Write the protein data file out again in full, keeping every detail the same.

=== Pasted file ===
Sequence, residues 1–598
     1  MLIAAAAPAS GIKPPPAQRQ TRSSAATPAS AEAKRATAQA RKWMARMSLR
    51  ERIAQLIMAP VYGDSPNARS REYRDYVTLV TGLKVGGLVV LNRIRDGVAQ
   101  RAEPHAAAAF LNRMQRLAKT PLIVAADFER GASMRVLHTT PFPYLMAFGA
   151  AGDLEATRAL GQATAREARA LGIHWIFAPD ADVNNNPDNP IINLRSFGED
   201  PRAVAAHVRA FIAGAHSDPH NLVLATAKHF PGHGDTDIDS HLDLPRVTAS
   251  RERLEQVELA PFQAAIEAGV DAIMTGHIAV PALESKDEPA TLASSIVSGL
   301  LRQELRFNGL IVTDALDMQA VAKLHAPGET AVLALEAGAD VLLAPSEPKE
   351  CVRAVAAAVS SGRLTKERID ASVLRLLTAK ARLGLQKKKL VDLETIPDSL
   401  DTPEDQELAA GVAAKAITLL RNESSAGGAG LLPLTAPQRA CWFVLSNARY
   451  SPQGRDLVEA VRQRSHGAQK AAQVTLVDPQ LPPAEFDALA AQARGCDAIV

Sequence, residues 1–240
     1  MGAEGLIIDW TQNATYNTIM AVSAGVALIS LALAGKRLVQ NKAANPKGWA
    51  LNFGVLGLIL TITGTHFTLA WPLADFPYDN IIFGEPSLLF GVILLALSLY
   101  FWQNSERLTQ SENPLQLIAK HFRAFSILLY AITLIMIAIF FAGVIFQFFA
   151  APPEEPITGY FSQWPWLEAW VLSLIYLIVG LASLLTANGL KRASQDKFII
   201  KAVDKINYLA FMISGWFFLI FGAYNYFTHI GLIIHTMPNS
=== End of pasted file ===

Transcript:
Sequence, residues 1–598
     1  MLIAAAAPAS GIKPPPAQRQ TRSSAATPAS AEAKRATAQA RKWMARMSLR
    51  ERIAQLIMAP VYGDSPNARS REYRDYVTLV TGLKVGGLVV LNRIRDGVAQ
   101  RAEPHAAAAF LNRMQRLAKT PLIVAADFER GASMRVLHTT PFPYLMAFGA
   151  AGDLEATRAL GQATAREARA LGIHWIFAPD ADVNNNPDNP IINLRSFGED
   201  PRAVAAHVRA FIAGAHSDPH NLVLATAKHF PGHGDTDIDS HLDLPRVTAS
   251  RERLEQVELA PFQAAIEAGV DAIMTGHIAV PALESKDEPA TLASSIVSGL
   301  LRQELRFNGL IVTDALDMQA VAKLHAPGET AVLALEAGAD VLLAPSEPKE
   351  CVRAVAAAVS SGRLTKERID ASVLRLLTAK ARLGLQKKKL VDLETIPDSL
   401  DTPEDQELAA GVAAKAITLL RNESSAGGAG LLPLTAPQRA CWFVLSNARY
   451  SPQGRDLVEA VRQRSHGAQK AAQVTLVDPQ LPPAEFDALA AQARGCDAIV

Sequence, residues 1–240
     1  MGAEGLIIDW TQNATYNTIM AVSAGVALIS LALAGKRLVQ NKAANPKGWA
    51  LNFGVLGLIL TITGTHFTLA WPLADFPYDN IIFGEPSLLF GVILLALSLY
   101  FWQNSERLTQ SENPLQLIAK HFRAFSILLY AITLIMIAIF FAGVIFQFFA
   151  APPEEPITGY FSQWPWLEAW VLSLIYLIVG LASLLTANGL KRASQDKFII
   201  KAVDKINYLA FMISGWFFLI FGAYNYFTHI GLIIHTMPNS